When Dontnod Entertainment released Life is Strange in 2015, it had a surefire hit on its hands. By combining the choose-your-own adventure style made popular by Telltale Games and a dark, compelling story, Life is Strange still holds the top spot on my list of games that made me cry. Though Dontnod is currently at work on a sequel, developer Deck Nine is working on taking the franchise to the past with Life is Strange: Before the Storm. Be aware that the following review contains a few references to Life is Strange which could be considered spoilers for some.

Episode 1 of Before the Storm, entitled Awake, begins with Chloe sneaking into a rock concert in an abandoned mill. This scene serves to introduce us to the core mechanic of Life is Strange—choices. In traversing the story, Chloe has to make a number of choices that will determine how the other characters will interact with her. Sometimes, the consequences of these choices are immediate. How do you get into the concert? Will people appreciate you trying to help or will they be mad because you interfered?

Many of these choices have long-lasting consequences as well. One of the choices you make early on actually branches throughout the entire episode if you make the appropriate choices in the right places. There are also a number of major decisions you have to make that will carry on through the later episodes. Unfortunately, these episodes aren't out yet, so it remains to be seen exactly how they'll play out.

Fun as it is, you don't play Life is Strange for the gameplay. You play it for the story and characters, and this is where Before the Storm really shines. The game takes place three years before Max's adventure with Chloe in the original title. Unlike in the classic Creedence Clearwater Revival song "Have You Ever Seen the Rain?", there isn't a calm before the storm. In fact, for Chloe Price, the storm has already hit. It's been two years since her father's death, but Chloe is still having trouble dealing with this monumental loss. Her luck changes when she runs into Rachel Amber, one of the most popular girls at school. With Chloe's struggles and Rachel's family issues, the two soon form a friendship that will change their lives forever. This relationship was strongly referred to throughout the original game, but Before the Storm allows us to see it develop first-hand.

Deck Nine did a fantastic job developing the characters in Awake. The phrases Chloe uses, the ways she handles things, it all feels very much like the angsty teen we came to know and love in the original Life is Strange. In keeping with this character, a new mechanic has been introduced to certain social situations. In Life is Strange, Max could rewind time and use information she learned to change the course of a conversation. Though Chloe doesn't have this power, she can pick up on key words and phrases she can use to backtalk people. This starts a conversational challenge wherein saying the right things at the right time can lead to the outcome you desire.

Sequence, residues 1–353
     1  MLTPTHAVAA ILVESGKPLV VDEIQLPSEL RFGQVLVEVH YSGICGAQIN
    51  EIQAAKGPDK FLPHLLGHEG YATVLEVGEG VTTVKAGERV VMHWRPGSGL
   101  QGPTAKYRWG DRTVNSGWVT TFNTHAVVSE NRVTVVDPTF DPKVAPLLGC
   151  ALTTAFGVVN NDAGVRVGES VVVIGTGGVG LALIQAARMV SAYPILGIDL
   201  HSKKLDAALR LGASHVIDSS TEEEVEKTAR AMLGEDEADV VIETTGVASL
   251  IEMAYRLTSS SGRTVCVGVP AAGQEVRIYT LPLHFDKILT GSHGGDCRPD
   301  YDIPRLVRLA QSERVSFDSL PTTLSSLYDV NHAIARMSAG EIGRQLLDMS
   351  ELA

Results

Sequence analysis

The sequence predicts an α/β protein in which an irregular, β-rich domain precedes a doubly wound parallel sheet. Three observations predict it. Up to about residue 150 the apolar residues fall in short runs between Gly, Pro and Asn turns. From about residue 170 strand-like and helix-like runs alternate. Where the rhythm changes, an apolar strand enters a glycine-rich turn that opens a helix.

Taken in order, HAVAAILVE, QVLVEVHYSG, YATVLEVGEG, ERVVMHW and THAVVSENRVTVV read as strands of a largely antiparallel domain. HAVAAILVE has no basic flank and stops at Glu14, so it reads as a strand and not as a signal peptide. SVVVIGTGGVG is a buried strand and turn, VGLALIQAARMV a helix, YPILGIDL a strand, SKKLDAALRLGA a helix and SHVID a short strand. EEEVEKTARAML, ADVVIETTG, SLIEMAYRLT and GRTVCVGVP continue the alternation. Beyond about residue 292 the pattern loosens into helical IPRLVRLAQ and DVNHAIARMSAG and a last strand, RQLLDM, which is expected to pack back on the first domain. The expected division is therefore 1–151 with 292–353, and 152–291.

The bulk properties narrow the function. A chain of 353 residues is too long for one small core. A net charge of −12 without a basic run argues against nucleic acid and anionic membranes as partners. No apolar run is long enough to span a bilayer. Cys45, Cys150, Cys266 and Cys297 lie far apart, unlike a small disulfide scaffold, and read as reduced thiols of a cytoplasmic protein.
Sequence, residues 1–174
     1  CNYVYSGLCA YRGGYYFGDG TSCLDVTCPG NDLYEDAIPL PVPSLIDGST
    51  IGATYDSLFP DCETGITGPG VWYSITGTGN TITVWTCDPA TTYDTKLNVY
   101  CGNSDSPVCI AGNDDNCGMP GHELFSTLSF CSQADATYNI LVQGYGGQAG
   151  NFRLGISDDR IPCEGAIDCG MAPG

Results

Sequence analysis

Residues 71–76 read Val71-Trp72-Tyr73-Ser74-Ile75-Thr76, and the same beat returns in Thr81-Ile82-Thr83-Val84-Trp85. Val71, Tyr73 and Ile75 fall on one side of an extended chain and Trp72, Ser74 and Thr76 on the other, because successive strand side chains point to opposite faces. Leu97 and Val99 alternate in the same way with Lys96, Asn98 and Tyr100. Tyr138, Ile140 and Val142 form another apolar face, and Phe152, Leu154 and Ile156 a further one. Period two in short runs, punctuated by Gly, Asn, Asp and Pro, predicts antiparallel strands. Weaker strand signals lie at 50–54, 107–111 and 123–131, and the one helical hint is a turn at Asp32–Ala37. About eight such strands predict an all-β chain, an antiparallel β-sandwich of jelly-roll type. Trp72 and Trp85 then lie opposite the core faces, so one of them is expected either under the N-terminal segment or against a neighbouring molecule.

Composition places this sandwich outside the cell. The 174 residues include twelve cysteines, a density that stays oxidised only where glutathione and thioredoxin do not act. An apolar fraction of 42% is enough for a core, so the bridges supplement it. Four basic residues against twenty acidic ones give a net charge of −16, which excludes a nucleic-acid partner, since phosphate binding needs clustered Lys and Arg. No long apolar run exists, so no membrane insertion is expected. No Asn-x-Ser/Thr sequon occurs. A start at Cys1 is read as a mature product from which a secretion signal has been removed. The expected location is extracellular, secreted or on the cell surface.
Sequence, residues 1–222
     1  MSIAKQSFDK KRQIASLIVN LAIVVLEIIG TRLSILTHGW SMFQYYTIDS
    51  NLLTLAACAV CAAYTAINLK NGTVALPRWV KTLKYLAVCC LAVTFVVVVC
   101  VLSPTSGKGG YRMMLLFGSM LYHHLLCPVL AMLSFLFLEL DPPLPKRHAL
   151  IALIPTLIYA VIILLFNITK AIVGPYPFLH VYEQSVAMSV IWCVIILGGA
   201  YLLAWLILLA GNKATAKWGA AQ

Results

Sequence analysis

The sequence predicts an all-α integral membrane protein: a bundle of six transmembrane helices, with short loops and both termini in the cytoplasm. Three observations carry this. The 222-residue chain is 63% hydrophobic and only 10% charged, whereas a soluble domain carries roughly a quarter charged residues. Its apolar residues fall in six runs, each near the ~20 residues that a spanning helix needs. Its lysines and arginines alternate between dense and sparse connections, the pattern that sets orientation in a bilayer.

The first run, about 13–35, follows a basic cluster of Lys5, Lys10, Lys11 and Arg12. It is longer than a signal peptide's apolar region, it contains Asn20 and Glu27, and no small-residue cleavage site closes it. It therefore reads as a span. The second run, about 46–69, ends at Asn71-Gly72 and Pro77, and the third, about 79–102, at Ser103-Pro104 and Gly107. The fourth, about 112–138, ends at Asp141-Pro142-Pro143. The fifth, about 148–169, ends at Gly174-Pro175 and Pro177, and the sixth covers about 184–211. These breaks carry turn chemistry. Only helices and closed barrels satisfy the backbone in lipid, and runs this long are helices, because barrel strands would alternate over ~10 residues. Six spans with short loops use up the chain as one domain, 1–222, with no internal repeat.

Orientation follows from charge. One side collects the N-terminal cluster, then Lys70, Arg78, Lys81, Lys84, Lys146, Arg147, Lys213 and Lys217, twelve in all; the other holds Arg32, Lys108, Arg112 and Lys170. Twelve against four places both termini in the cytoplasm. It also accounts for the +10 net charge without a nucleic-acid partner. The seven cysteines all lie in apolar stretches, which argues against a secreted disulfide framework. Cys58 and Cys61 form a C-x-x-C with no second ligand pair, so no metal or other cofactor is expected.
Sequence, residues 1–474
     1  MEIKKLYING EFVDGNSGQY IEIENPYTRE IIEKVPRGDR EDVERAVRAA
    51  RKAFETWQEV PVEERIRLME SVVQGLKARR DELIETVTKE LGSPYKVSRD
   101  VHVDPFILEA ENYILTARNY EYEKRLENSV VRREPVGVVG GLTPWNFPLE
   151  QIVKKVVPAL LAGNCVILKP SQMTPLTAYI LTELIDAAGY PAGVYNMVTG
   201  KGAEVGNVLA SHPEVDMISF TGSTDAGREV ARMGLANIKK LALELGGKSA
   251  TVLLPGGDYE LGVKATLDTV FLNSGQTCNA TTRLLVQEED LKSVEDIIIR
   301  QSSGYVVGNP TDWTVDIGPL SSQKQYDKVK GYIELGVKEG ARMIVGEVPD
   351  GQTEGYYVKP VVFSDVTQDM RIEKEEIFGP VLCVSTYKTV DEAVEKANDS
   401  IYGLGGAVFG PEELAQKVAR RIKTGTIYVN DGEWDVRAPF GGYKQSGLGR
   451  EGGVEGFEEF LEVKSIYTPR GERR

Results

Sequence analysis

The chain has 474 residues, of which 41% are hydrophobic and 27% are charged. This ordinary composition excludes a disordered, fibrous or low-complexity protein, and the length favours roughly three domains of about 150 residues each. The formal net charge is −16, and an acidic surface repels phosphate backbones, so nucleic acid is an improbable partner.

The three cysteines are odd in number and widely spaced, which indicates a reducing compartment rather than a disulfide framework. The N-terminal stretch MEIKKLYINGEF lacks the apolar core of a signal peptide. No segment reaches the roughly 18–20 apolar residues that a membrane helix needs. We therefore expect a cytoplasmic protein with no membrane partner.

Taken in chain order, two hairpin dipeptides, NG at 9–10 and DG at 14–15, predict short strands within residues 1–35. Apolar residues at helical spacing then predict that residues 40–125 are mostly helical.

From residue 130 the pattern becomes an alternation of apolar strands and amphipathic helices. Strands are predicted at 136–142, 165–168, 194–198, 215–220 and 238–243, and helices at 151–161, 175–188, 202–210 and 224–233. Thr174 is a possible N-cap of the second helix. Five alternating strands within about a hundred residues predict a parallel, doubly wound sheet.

There are a number of times this mechanic gets used in the story, but my favorite of these was actually during a side plot. As Chloe went to school the day after the concert, I noticed a few classmates off on the side playing Dungeons and Dragons. Being the experienced adventurer I am, I guided Chloe in that direction to play a game. What I found was a small, 15-20 minute gold mine of comedy. For one of the encounters in this mini-campaign, you are tasked with retrieving the key you need to free some prisoners from their cells. The problem is that a dragonkin has the only key and he locked himself in a cell for protection. Using your superb backtalking ability, plus a little DnD magic, you can convince the creature to turn it over to you.

As for the other characters, it can be a little jarring to see the people we've come to know and how they behaved beforehand. Take Nathan Prescott, for example. In Life is Strange, we see Nathan as one of the jocks, as the king of the school, and as one of the key players in the events that take place. In Before the Storm, however, Nathan was a theater nerd who was just starting out on the team. Strange as it is to see Chloe of all people stand up for Nathan as he was getting bullied, it also felt like the right thing to do. There are a few new characters too, but they seem pretty forgettable at this point aside from Rachel.

Life is Strange: Before the Storm so far has been a solid entry into the Life is Strange franchise. When I saw this game at E3, Deck Nine was very adamant about wanting to capture the characters made the original so lovable, and I think they've done a great job so far in accomplishing that. Awake is a bit slow to start, but as this is just the beginning of Chloe's story, that's to be expected. If you loved the original Life is Strange, you'll feel right at home with Before the Storm and you'll get a lot out of your return trip. If you haven't had any experience in the world of Arcadia Bay, however, you'll find a great starting point and hopefully one that will convince you to play the original. I'm really looking forward to the rest of the season (and hopefully more Dungeons and Dragons games)!

A copy of Life is Strange: Before the Storm was provided by Square Enix for purposes of this review.

Our Verdict

8

Why To Get It:
Strong main characters; emotional story; Dungeons and Dragons mini-adventure

Why To Avoid It:
Mostly forgettable side characters; a little slow to start